Finally, there were the Mets’ golden boys, Darryl Strawberry and Dwight Gooden. The 1983 Rookie of the Year (Strawberry) was just 24 years old; the 1984 ROY (Gooden) was a mere 21 and one season removed from one of the most dominant Cy Young campaigns in history. Sadly, both Straw and Doc were drug and alcohol abusers and never lived up to the immense potential that they showed in the mid-1980’s.
Anyway, the point of this story is that our feelings about the Hall of Fame worthiness of any active player ebbs and flows as their careers unfold. In Schoenfield’s piece about the 2017 Fall Classic, he lists Cody Bellinger (22 years old), Corey Seager (23) and Carlos Correa (23) as three of the nine potential Cooperstown inductees over the upcoming decades. Each player has started a career path upon which the foundation of many Hall of Fame resumes are built. But it’s early. If the 2014 Dodgers had made the Fall Classic, we would have been talking about Yasiel Puig as a future Hall of Famer. If the 2015 Astros had won the pennant, we would have been talking about Dallas Keuchel, who was coming off a 20-win campaign that would result in a Cy Young Award.
The other six players Schoenfield mentioned in his piece as potential Cooperstown inductees are Clayton Kershaw, Justin Verlander, Carlos Beltran, Chase Utley, Jose Altuve and Kenley Jansen. Let’s take a fresh look at this illustrious list and how they’ve burnished or tarnished their Hall of Fame resumes this October.
Clayton Kershaw (virtual Hall of Fame lock)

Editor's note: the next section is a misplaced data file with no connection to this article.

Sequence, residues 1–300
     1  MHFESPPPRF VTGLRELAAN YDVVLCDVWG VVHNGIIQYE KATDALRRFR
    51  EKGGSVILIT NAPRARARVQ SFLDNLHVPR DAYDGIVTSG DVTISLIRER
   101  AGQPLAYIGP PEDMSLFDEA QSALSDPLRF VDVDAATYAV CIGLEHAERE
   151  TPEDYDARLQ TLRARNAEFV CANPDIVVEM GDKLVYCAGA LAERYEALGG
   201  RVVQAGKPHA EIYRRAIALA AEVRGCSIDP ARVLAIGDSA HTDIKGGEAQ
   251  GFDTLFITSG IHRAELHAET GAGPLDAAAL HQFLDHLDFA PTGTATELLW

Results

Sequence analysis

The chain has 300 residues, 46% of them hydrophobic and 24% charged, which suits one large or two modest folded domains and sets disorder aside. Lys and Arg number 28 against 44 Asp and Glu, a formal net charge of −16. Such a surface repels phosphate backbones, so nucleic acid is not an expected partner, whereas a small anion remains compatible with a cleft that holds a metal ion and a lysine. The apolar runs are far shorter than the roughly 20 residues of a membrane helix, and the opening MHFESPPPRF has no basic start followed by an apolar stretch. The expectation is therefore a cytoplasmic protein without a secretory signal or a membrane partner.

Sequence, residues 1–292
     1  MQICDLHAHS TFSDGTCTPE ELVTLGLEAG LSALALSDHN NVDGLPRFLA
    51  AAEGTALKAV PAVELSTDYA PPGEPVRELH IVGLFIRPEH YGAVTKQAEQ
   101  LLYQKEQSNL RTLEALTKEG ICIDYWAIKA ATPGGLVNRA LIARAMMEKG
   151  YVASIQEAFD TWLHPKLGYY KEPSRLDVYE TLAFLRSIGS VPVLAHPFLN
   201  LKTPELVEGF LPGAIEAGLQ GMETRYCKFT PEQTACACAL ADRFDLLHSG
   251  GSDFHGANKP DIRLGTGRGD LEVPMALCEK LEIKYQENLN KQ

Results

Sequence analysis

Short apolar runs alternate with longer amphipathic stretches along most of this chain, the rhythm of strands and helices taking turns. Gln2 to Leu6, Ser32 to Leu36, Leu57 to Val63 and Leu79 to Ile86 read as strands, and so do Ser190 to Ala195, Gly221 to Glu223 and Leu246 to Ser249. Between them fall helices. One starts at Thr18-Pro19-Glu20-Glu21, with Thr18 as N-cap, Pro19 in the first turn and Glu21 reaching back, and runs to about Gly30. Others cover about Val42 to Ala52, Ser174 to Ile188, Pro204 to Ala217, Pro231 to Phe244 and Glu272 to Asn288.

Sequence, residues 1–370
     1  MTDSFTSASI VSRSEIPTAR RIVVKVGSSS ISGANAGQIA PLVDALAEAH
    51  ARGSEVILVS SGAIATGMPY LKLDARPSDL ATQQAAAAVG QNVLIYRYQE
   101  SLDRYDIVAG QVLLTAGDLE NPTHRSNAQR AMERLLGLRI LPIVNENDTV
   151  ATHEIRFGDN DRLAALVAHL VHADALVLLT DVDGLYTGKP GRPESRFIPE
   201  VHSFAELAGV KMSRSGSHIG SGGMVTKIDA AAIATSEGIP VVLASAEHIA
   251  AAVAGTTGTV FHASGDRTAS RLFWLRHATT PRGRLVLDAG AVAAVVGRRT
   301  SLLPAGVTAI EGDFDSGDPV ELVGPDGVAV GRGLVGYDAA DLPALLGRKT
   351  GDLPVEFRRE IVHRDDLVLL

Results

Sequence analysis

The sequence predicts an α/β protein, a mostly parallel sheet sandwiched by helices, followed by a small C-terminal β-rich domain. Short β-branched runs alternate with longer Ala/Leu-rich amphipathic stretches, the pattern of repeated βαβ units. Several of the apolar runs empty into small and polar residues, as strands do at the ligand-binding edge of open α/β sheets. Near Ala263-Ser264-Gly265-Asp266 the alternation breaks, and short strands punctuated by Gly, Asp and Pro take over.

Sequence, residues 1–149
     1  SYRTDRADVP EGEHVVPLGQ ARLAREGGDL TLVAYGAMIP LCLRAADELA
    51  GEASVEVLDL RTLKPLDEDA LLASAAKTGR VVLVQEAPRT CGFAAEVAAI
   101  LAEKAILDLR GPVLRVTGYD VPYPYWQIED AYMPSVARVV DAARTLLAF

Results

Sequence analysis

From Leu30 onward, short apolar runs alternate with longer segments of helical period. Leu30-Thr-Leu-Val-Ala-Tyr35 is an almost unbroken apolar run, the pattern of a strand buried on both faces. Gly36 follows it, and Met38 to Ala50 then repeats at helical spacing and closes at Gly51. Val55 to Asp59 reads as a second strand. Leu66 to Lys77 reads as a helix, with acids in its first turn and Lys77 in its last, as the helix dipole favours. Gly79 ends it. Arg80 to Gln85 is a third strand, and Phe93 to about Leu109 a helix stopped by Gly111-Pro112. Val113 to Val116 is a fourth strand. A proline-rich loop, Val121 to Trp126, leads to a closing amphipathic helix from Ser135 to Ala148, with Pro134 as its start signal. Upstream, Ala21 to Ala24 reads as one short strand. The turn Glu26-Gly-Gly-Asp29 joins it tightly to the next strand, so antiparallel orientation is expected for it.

Despite once again disappointing Los Angeles fans in October, Clayton Kershaw is the greatest pitcher of his generation and it’s not even close. With three Cy Youngs, an MVP trophy and a career 2.36 ERA (best for any starting pitcher in all of MLB for the last 100 years), the Dodgers’ tall lefty has already authored a Hall of Fame career, no matter what he does in the future.
But what is the deal with Clayton in October?
Kershaw was actually having a solid October. In his first four appearances, he was 3-0 with a 2.96 ERA. He was especially sharp in Game 1 of the World Series, tossing 7 innings of 1-run ball with 11 strikeouts. While watching Sunday’s thrilling Game 5, I felt in the first few innings that we were watching Kershaw’s “Koufax moment,” the game and World Series in which he would emerge from the long October shadow of Sandy Koufax, who won three rings and two World Series MVP’s for the Dodgers over 50 years ago.
I was thinking Sunday night that this October for Kershaw would be anaIogous to Peyton Manning’s post-season run in 2007 (culminating in Super Bowl XLI) when he shrugged off years of post-season disappointments and won the big game. Even though I’ve lived in the Los Angeles area for most of the last 21 years, I’m not a Dodgers fan. I’m not an Astros fan either. Until I die, I’ll always root for my boyhood loves, the New York Mets and Boston Red Sox. But I also root for great players, unless they’re jerks. Kershaw is anything but a jerk and I badly wanted him to have his Koufax moment in Game 5.
With a 4-run lead and three excellent innings under his belt, this felt like a game where he would turn the corner; the Dodgers would go on to win it all and, with two wins in the series, he would be the World Series MVP.